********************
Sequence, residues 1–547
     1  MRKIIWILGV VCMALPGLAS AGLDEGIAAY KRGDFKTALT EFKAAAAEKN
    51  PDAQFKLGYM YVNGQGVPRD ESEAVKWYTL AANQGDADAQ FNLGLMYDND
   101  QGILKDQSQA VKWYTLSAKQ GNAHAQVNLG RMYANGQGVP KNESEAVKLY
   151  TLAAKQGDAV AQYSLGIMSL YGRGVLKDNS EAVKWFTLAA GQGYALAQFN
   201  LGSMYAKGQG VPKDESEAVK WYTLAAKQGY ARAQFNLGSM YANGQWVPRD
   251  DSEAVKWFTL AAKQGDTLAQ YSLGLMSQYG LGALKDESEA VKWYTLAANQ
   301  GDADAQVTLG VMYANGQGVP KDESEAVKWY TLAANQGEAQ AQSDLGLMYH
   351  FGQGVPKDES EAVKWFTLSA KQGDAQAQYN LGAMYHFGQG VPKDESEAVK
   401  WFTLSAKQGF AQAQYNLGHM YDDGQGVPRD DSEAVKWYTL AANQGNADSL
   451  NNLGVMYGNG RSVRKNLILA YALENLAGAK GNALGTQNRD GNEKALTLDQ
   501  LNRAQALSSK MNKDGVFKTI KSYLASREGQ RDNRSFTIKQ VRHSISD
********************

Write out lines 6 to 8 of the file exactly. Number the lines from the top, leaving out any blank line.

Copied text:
   201  LGSMYAKGQG VPKDESEAVK WYTLAAKQGY ARAQFNLGSM YANGQWVPRD
   251  DSEAVKWFTL AAKQGDTLAQ YSLGLMSQYG LGALKDESEA VKWYTLAANQ
   301  GDADAQVTLG VMYANGQGVP KDESEAVKWY TLAANQGEAQ AQSDLGLMYH